International Journal of Public Health

, Volume 62, Issue 4, pp 433–440

Perceived classism and its relation with socioeconomic status, health, health behaviours and perceived inferiority: the Dutch Longitudinal Internet Studies for the Social Sciences (LISS) panel

  • Audrey M. W. Simons
  • Annemarie Koster
  • Daniëlle A. I. Groffen
  • Hans Bosma
Open Access
Original Article

DOI: 10.1007/s00038-016-0880-2

Cite this article as:
Simons, A.M.W., Koster, A., Groffen, D.A.I. et al. Int J Public Health (2017) 62: 433. doi:10.1007/s00038-016-0880-2

Abstract

Objectives

Classism might be the downside of the prevailing ideologies of individual responsibility for success. However, since studies into perceived classism have mainly been qualitative, little is known about its association with socioeconomic status, health, health behaviours and perceived inferiority, especially in more egalitarian countries. This study, therefore, examined the associations of perceived classism with socioeconomic status, health, health behaviours and perceived inferiority.

Methods

We used cross-sectional data (2012/2013) from the Dutch Longitudinal Internet Studies for the Social Sciences (LISS) (n = 1540; age 16–90; 46.9 % men).

Results

We found that classism was perceived by 18.2 % of the participants, with the lowest income and occupation group most likely to perceive classism (22.0 and 27.5 %, respectively). Perceived classism was significantly associated with poor health (e.g. self-rated health OR = 2.44, 95 % CI = 1.76–3.38) and feelings of inferiority (e.g. shame OR = 4.64, 95 % CI = 3.08–6.98). No significant associations were found with health behaviours.

Conclusions

To further examine the role of perceived classism for socioeconomic differences in health and its association with country-level socioeconomic inequalities, prevailing ideologies, and objective opportunities for social mobility, we recommend more longitudinal and international studies with comparable measures of perceived classism.

Keywords

The Netherlands Perceived classism Meritocratic ideology Socioeconomic status Self-rated health Inferiority 

Introduction

Western societies are increasingly permeated by both the meritocratic ideology (e.g. the ‘American Dream’) and the ideology of individual responsibility. According to this ideology, economic success is based upon individual merits, such as having the right talents and working hard (De Botton 2004). Simultaneously, many people think that modern life has yielded increased opportunities for upward mobility for children from lower socioeconomic backgrounds (Kraus and Tan 2015). Whether these ideologies are based on facts or myths is debatable, but, as a downside, these ideologies might induce people to negatively judge and stereotype those ending up at the bottom of the socioeconomic hierarchy (Dahl et al. 2006).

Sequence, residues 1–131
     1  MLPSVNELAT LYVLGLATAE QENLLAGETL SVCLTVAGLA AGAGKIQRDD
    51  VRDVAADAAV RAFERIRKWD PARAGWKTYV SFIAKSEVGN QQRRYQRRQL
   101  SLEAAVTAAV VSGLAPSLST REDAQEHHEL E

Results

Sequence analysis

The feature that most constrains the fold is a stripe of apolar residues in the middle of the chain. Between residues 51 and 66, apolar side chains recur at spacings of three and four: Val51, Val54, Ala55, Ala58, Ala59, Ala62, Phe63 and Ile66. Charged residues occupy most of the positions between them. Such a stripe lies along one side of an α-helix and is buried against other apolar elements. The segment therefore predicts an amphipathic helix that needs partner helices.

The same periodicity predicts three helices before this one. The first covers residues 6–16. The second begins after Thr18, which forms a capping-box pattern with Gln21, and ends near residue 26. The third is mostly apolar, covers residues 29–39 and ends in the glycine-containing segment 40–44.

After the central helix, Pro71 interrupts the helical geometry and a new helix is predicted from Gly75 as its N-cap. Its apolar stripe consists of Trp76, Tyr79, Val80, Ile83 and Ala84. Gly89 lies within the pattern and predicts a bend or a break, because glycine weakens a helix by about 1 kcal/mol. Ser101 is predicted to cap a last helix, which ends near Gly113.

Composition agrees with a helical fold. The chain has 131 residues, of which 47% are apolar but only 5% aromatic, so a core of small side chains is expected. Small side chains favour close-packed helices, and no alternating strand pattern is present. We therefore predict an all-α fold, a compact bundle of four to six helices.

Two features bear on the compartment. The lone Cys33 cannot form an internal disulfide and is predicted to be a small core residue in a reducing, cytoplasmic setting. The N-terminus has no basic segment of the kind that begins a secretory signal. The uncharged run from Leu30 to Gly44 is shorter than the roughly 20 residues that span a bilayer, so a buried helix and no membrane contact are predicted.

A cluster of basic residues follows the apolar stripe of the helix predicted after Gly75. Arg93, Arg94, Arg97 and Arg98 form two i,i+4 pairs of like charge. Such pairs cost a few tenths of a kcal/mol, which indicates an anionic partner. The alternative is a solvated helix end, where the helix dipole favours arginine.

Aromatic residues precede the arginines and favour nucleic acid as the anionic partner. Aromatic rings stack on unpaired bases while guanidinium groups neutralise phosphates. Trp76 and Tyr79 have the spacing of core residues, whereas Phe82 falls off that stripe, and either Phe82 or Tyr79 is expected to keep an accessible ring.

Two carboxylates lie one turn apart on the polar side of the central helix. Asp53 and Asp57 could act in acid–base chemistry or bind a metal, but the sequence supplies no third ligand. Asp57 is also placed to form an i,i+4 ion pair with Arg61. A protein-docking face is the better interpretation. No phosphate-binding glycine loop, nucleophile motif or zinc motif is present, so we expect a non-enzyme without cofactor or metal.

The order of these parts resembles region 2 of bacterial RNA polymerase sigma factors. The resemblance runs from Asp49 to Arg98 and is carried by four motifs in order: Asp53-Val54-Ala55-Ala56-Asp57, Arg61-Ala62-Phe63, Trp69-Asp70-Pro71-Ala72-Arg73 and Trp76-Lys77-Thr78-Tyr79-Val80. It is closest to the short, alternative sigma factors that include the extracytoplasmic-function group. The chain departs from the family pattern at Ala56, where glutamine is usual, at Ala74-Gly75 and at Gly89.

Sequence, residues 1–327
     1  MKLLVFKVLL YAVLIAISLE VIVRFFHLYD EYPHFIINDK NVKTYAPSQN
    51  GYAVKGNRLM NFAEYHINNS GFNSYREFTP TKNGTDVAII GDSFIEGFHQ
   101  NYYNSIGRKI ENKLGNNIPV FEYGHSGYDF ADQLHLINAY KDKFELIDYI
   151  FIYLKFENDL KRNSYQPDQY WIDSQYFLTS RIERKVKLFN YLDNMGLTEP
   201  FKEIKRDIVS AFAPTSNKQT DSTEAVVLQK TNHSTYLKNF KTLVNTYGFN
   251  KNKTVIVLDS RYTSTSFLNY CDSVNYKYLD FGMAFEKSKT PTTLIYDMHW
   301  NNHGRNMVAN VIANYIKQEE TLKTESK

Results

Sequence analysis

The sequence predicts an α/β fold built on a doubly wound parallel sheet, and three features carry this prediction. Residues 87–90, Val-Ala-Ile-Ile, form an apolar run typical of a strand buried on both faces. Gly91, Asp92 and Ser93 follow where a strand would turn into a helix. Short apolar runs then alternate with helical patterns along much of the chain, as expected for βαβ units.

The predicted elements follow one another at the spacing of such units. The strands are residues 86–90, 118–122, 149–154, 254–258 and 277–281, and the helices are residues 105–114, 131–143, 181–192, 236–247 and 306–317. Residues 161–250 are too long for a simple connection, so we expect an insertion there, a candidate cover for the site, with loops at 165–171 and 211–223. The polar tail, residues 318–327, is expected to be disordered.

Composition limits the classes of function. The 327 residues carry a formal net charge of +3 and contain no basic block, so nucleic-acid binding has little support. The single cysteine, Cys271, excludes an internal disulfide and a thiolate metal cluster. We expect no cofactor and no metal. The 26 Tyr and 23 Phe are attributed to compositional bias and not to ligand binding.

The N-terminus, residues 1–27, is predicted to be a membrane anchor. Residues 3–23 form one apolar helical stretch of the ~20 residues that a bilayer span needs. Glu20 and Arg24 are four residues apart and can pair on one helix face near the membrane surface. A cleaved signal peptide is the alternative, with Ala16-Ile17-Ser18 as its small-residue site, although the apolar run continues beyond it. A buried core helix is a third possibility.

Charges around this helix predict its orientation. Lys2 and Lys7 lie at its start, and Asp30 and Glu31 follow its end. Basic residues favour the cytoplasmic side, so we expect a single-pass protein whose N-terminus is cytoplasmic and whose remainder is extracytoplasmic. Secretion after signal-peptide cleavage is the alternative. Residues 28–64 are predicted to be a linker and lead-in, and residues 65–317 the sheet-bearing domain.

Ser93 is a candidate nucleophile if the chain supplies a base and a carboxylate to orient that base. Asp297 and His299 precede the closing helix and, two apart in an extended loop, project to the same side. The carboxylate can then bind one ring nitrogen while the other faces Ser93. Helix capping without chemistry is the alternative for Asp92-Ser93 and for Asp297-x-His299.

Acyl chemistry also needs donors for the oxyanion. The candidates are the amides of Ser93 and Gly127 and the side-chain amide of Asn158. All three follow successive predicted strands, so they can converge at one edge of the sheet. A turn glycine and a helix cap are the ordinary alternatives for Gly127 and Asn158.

Classism refers to the marginalisation (i.e. labelling, prejudice, discrimination, and stigmatisation) of those who are perceived to be in a lower social class (Liu 2013). People’s experience of such classism (perceived classism) has been mainly investigated in qualitative studies. These studies found that people in poverty or low socioeconomic status groups feel negatively judged, degraded, isolated, devalued, put down, blamed and looked down on by others (Collins 2005; Hirschl et al. 2011; McIntyre et al. 2003; Ravensbergen and VanderPlaat 2010; Underlid 2007). Quantitative studies have been scarce and most studies into perceived classism have been conducted in the Anglo-Saxon context (e.g. Langhout et al. 2007). Little is known about whether classism is also experienced in countries that are more egalitarian and perhaps less pervaded by the above ideologies, and whether perceived classism, just like other forms of stigmatisation and discrimination (e.g. racism) (Krieger et al. 1993; Pascoe and Smart Richman 2009), is also associated with poorer physical and mental health (Caputo 2003; Fuller-Rowell et al. 2012; Mickelson and Williams 2008; Roy 2004; Simons et al. 2013), perceptions of inferiority (Adler 2009; Courtwright 2009; Mickelson and Williams 2008; Ritsher et al. 2003; Roy 2004; Twenge and Campbell 2002; Walker et al. 2013; Williams 1999) and unfavourable health behaviours (Roy 2004).

Using cross-sectional data on more than 1500 Dutch men and women, we assessed how, in the more egalitarian Dutch context (OECD 2011), perceived classism relates to socioeconomic status (SES), health outcomes, perceptions of inferiority and health behaviours.

Methods

Study population

Data were collected from individuals participating in the Longitudinal Internet Studies for the Social sciences (LISS) panel (CentERdata, Tilburg, The Netherlands). This is a representative sample of the Dutch population (aged 16 years and older) who participate in monthly Internet surveys. Every year, a longitudinal survey is fielded among a panel, covering a large variety of domains including work, education, income, housing, time use, political views, values and personality (CentERdata 2011). More information about the LISS panel can be found at http://www.lissdata.nl. Ethical approval was not necessary for this study. LISS panel members have given informed consent to participate in monthly questionnaires.

In February 2013, 2656 randomly selected panel members, including multiple members of the same household, were invited to participate in a ‘perceived classism’ survey. Non-responders received two reminders for the questionnaire. The questionnaire was completed by 2096 participants (78.9 %). After excluding participants because of missing data on SES, outcome variables, or covariates measured between November 2012 and May 2013, the final sample consisted of 1540 participants (73.5 %). The mean age of the sample was 53.5 years (SD = 15.6, range 16–90), 722 participants (46.9 %) were men and 172 participants (11.2 %) were of non-Dutch origin. The design of the current study was cross-sectional.